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Plastic bottles, Tortuga Bay, Santa Cruz
21/02/2022 Plastic pollution

How do you solve a wicked problem like plastics?

Our international group of changemakers, Pacific Plastics: from Science to Solutions, are working together to rid the Eastern Pacific Ocean of plastic pollution.

Jess Howard

Pacific Plastics: Science to Solutions Project Manager

Our international group of changemakers, Pacific Plastics: from Science to Solutions, are working together to rid the Eastern Pacific Ocean of plastic pollution.

For the last 50-60 years, our reliance on plastics has left the world with a ‘Wicked Problem’ – a problem that contains so much complexity that a single discipline cannot solve it. Plastic pollution can be seen as waste, a resource, and an economic, societal, or systemic problem. Therefore, combatting the plastic issue requires a multidisciplinary approach on a regional scale, addressing the cycle of plastic production, consumption, and waste. That’s why our Pacific Plastics: Science to Solutions (PPSS) project, supported by the Global Challenges Resource Fund, Evolution Education Trust, Galapagos Conservation Trust and others, unites international scientists, communities, NGOs and industries to create a network of inspiring individuals that are joining forces to conserve our oceans, protect marine wildlife, and support people whose livelihoods depend on the health of this unique ecosystem. GCT’s Plastic Pollution Free Galapagos Programme sits in the broader PPSS network.

Where are the plastics coming from?

The GPS drifters released around the ocean in Galapagos to improve oceanographic models that can identify sources and pathways of ocean plastic © Rashid Cruz, Charles Darwin Foundation

Plastic is such a complex problem in Galapagos because it comes from various sources, such as the continental mainland, industries like fisheries and tourism, and local leakage points in waste management infrastructure. Understanding these sources and pathways are the first step towards implementing changes to stop the flow of plastics into the environment.

Our partners at Utrecht University released GPS drifters into the ocean in 2021 around Galapagos to improve oceanographic models that can identify sources and pathways of ocean plastic. The data generated by these models will inform a predictive forecast of when and where plastic will arrive in Galapagos which, when combined with information on the least invasive and most impactful clean-up sites, will support the development of an app to help the Galapagos National Park monitor and prioritise clean-up activities around the Archipelago. Through surveys and workshops with local stakeholders, we are also mapping the local plastic waste inputs, which will feed into future intervention design.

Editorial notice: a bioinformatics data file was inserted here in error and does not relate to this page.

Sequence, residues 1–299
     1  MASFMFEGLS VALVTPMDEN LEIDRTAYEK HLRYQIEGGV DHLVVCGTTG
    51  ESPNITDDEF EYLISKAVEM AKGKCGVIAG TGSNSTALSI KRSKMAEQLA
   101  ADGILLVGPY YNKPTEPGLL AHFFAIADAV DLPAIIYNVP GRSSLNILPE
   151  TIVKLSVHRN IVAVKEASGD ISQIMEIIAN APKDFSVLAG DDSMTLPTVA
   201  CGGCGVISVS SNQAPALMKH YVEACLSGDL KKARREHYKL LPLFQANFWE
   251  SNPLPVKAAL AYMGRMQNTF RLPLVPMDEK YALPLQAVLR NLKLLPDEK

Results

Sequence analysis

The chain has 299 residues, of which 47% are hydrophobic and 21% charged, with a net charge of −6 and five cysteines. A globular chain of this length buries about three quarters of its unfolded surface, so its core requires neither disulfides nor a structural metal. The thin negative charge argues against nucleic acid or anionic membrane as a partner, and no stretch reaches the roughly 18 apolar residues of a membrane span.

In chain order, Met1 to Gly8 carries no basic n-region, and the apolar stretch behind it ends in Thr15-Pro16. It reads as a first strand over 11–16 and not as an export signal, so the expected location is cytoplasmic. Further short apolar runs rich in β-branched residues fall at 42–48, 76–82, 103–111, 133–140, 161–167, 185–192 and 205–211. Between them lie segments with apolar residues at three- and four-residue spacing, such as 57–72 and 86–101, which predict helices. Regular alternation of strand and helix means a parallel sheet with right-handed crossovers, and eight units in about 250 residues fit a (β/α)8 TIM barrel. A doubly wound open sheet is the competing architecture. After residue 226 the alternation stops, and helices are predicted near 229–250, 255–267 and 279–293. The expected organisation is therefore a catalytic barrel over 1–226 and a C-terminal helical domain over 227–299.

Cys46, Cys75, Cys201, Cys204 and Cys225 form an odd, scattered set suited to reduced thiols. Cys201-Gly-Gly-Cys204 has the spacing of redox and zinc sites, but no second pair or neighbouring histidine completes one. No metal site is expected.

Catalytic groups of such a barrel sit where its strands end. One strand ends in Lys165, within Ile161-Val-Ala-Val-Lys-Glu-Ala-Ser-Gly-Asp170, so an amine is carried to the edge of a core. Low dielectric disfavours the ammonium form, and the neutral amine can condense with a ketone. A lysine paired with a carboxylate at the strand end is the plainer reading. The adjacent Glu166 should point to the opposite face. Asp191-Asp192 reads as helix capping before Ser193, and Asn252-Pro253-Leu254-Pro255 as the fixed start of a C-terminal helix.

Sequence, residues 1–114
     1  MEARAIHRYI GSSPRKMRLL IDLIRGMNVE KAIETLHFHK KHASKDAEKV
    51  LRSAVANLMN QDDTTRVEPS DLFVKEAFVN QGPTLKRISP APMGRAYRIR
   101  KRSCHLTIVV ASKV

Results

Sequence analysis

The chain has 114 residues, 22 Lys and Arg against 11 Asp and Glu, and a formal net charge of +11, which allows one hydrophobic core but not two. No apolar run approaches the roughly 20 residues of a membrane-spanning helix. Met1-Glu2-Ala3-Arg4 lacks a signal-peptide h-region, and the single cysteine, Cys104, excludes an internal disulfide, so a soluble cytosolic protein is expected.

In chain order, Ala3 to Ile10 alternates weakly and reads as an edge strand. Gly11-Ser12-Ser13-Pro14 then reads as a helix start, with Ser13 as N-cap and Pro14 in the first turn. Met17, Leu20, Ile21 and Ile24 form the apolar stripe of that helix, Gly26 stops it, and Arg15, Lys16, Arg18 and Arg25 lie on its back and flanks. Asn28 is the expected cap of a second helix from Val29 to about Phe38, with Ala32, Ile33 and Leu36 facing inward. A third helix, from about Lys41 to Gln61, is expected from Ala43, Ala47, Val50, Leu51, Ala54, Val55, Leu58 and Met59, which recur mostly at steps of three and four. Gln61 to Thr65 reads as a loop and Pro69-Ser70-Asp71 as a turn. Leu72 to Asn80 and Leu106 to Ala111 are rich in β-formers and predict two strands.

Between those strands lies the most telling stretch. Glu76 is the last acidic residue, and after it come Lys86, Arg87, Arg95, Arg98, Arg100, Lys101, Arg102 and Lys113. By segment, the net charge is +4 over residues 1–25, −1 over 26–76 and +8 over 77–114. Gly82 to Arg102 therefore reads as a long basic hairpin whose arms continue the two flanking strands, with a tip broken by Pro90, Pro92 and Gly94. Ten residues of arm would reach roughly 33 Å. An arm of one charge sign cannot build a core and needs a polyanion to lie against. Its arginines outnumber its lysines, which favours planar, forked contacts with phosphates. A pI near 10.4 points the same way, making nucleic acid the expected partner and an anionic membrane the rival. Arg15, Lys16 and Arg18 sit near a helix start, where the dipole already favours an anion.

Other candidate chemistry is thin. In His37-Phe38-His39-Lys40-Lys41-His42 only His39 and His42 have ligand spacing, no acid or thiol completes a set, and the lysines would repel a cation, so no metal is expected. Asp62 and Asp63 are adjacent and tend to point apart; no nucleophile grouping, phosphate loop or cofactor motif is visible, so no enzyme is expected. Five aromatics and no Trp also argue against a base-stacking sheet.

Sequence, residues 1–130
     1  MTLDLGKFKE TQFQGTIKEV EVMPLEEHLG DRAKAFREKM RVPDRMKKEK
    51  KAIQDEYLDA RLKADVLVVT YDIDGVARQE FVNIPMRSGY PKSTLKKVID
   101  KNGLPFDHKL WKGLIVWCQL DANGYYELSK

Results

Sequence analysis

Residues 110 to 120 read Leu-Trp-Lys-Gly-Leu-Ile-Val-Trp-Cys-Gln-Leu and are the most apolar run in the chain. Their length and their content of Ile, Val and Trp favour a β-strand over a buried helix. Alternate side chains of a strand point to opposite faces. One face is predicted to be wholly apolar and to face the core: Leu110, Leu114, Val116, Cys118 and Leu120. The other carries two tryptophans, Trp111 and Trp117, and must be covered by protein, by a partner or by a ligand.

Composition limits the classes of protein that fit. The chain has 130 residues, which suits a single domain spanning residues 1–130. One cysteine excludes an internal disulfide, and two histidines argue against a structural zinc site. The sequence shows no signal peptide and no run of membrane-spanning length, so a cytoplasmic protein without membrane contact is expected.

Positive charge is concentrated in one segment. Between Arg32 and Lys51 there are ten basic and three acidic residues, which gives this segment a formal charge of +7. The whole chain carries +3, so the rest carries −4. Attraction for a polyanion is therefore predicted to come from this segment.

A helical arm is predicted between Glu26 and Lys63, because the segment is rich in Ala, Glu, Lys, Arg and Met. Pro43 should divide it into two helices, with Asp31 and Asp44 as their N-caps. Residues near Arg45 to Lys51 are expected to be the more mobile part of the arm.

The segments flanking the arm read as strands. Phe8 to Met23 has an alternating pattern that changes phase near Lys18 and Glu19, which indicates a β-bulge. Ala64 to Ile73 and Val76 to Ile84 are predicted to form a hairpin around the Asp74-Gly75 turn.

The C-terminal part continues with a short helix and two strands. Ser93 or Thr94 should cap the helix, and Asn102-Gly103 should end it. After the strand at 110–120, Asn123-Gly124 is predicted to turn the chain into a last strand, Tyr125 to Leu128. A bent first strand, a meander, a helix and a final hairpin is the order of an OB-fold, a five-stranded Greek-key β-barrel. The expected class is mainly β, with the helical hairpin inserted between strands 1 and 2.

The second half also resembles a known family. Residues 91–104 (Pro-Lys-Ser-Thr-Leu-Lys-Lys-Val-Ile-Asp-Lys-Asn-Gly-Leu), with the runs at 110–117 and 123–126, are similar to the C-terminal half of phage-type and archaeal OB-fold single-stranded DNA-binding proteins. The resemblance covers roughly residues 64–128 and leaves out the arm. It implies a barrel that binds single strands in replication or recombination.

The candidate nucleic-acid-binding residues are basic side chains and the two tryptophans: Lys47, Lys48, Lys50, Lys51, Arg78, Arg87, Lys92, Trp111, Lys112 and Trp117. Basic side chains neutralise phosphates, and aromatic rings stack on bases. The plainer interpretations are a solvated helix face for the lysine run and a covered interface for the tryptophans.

Oceanographic models show us how plastic particles may travel around Galapagos © Utrecht University

Exploring the impacts of plastic pollution

Around the world, plastic has been found in hundreds of marine species, from the tiniest plankton to the largest whales. Our network is investigating which Galapagos species and habitats are most at risk from marine plastic, and how these threats could be mitigated through clean-up activities focused on high-risk habitats.

A lesser-studied impact of plastic pollution is its impact on local communities. Working with local stakeholders, we are exploring the socioeconomic impacts of plastic pollution in Galapagos, combined with the COVID-19 pandemic. The important data gathered from this project will help inform initiatives from the ground up, utilising existing solutions and supporting the development of practical tools to improve waste management on the Islands.

Innovating solutions for plastics

As a network, all of our activities inform the development of effective solutions. From initial research, continental rivers were identified as a source of plastic leakage into the Eastern Pacific Ocean. The Azure system, technology developed by Ichthion to prevent the transport of plastics from rivers into the ocean, has been installed in the Portoviejo River, Ecuador (identified as one of the primary transporters of solid waste from Ecuador to the Pacific). Ichthion plans to place at least 11 Azure systems in Ecuadorian rivers to stop the flow of plastics towards the Galapagos Islands.

Azure technology installed and collecting plastic in the Portoviejo River, Ecuador © Ichthion

The Azure system can collect a staggering 80 tonnes of plastic per day, and also collects data on the plastic being removed. This data helps to identify sources of plastic leakage to find and support relevant solutions further upstream.

An example of our upstream solutions is our partnership with shopping malls across Ecuador, collaborating on a public awareness-raising campaign connecting ‘actions to oceans’, and encouraging circular economy initiatives through interactive activities, repair fairs, theatre productions and river clean-ups.

What can you do to help?

Please help us tackle plastic pollution today by giving a donation or joining up as a GCT member.


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